Saturday, October 17, 2009


Julie Caves makes books and paints. She paints because she is fascinated by colour. She layers transparent colour, looks at how colours affect one another, and tries to capture light inside the paint. Because the subject of the work is colour she has been called a “colourist”. The finished paintings become a record and trace of her practice. They have been described as “very painterly” and she thinks this means that the viewer can feel the process of painting as if they had made the marks themselves.

When she needs to use sequence or groups or concept, she makes a book. An artists' book is art that simply chooses to use the format of a book. Hers usually use drawing or photography, and text. As Julie says: "I make books that offer a moment of cheerful confusion, books that celebrate the beauty of the so-called ordinary, books made of groupings and lists, cataloguing the things and places we think we know, books that offer a new look at things you see every day. I like that a book is a piece of art you can hold and look at all by yourself. I think the best artists' books are silly or funny on the surface while encouraging you to think about something more meaningful. I am trying my best to make contact with humanity." Serendipity Press is the imprint name she uses to distinguish her bookworks from her other artistic work.

Julie began her art studies in California in 1989, studied art in Spain, received a BFA in Studio Art (Sculpture and Printmaking) in Texas, and an MA in Bookarts from Camberwell College of Arts in London. She has participated in exhibitions in the US, Spain, Korea, the Netherlands, the Czech Republic, Mexico and the UK. She has artists' books and prints in a number of public and private collections including the Tate Britain Gallery Special Collection. Before arriving at Blackhorse Lane Studios, in East London where she is now based, Julie's studio was located at the historic Abbey Art Centre in North London and the Chocolate Factory N16 in North East London. She is a member of the Colour Group of Great Britain, The Walthamstow Arts Club, the Pacific Centre for Book Arts and the CREATE group of Bristol.

Strange Fruit
Oil on wood panel
16x20 inches
Click pic to see more of Julie Caves’s work.
Julie Cave’s Blog
Julie Cave’s Artist Books

Saturday, October 10, 2009


“Spiritual Journey” shows a culmination of techniques I have refined to create this masterful piece. Using various felting and dying processes, Spiritual Journey epitomizes many of the ancestral cultures I admire so much. From the petroglyphs to the winding expression of the spiritual path, the colors, tones, and feel of this piece lead you on a journey to expression.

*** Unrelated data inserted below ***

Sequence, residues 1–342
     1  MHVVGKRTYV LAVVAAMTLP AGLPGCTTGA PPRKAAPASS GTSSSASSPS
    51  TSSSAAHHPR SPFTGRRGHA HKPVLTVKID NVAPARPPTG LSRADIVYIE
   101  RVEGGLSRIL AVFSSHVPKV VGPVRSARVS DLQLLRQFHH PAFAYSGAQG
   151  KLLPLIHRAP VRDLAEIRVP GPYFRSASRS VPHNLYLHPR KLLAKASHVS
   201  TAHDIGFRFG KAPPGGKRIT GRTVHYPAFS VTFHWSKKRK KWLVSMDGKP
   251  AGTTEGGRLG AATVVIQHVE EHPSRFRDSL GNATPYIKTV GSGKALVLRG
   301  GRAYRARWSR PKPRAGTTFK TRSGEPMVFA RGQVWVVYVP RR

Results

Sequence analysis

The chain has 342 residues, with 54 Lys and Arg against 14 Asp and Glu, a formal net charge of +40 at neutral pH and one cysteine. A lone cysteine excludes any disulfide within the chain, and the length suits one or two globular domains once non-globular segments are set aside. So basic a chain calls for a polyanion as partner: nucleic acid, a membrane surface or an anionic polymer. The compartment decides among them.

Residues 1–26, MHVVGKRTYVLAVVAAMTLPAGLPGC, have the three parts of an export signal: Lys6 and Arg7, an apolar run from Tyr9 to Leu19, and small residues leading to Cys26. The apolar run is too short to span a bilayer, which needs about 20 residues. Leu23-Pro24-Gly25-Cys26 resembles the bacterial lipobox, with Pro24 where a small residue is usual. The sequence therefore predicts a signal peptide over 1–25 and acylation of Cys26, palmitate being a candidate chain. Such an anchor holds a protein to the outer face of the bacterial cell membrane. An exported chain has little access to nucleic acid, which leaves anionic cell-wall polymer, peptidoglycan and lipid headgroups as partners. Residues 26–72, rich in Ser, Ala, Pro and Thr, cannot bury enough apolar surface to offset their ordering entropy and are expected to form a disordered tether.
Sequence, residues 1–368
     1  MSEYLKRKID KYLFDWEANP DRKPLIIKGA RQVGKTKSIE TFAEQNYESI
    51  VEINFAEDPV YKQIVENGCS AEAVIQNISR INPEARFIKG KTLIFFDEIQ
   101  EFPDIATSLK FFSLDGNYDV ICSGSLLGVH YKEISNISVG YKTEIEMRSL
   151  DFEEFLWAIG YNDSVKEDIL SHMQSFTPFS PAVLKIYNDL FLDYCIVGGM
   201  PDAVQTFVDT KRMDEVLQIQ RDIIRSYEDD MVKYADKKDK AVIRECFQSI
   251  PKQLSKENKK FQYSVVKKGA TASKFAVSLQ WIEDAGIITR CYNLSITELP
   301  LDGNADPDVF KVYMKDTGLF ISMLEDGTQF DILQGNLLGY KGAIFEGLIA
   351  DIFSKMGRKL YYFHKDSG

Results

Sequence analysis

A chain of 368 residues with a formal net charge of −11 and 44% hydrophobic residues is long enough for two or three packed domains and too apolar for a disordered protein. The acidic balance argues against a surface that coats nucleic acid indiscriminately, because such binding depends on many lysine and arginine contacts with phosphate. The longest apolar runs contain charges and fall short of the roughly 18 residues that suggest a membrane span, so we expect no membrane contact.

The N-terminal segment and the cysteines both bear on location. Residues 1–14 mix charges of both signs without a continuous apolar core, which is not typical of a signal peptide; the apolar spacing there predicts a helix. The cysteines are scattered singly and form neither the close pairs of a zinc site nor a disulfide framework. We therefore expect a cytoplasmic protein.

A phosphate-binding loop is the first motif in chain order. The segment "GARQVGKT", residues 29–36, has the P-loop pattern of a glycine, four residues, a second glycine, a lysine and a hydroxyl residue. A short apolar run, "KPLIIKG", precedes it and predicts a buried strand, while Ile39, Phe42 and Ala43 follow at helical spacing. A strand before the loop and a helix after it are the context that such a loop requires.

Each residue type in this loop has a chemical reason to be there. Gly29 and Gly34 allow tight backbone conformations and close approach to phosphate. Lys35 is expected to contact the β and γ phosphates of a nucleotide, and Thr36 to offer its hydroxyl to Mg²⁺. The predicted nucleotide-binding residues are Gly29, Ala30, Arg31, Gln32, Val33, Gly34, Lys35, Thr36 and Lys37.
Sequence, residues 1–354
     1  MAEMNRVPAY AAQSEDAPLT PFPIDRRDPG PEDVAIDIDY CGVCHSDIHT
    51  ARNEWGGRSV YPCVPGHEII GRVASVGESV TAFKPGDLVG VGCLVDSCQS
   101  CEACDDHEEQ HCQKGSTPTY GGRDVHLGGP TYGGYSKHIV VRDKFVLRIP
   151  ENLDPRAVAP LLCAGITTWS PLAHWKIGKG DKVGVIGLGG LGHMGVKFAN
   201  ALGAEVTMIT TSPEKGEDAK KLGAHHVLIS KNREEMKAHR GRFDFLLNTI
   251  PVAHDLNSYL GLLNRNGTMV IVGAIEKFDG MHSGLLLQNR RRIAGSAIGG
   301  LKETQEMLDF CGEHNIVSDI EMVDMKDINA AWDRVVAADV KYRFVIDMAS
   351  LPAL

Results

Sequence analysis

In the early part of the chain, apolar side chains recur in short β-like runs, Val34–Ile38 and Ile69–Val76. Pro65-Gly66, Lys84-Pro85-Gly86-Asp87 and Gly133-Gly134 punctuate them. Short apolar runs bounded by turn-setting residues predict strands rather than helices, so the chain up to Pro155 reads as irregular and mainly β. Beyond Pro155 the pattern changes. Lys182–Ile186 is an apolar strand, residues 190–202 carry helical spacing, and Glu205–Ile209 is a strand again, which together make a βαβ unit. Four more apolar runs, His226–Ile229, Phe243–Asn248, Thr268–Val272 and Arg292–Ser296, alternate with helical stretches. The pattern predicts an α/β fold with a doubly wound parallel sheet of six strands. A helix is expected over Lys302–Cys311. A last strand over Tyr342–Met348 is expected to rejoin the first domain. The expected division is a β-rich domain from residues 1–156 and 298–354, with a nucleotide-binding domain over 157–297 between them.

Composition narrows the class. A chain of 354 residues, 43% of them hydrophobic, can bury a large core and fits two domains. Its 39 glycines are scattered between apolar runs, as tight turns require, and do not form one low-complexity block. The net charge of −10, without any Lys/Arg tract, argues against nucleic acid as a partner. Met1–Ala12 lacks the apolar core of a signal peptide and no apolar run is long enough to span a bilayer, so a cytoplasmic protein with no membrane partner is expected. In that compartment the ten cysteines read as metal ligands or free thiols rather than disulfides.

With a combination of fleece, silks, hand-spun and dyed yarns and locks all lovingly wet and needle felted together in a variety of techniques, brings a voice through the ages.

Spiritual Journey
Click pic to see more of Akasya Maya’s work.

Saturday, October 3, 2009

ARTIST OF THE WEEK: John Azelvandre

A seedling always strives to reach for the sun.

I've done a lot of interesting things in my medium-length life, but what excites me the most is visual art. An artist was the first thing I ever said I wanted to be when I was a little kid back in Ohio. But, as often happens to little kids that want to be artists, I got sidetracked. Luckily, the sidetracks have been interesting. After surviving Catholic school, I studied: music and engineering and then worked in Manhattan recording studios for a few years. Then grad school: environmental science, philosophy and education. I've also worked as a park ranger and a science teacher. Now I'm back to art (finally) and still (much to my amazement) a happy resident of the greatest of boroughs, Brooklyn, New York.

Having spent entirely too much time with words in the past, in my work I am now seeking to express that which defies the bounds of language. My work is inspired by the natural world as well as by the imagination. Through the manipulation of form, line and color, I'm looking for that inexpressible ground underlying human experience and aspiration. By exploring the always fuzzy boundary between abstraction and representation, I hope to express that which could unite all the apparent paradoxes we encounter in life, such as those between real and unreal, sacred and profane, spiritual and erotic.

"Yggdrasil Mandala"
Acrylic on canvas
36” x 36"
Click pic to see more of John Azelvandre’s work.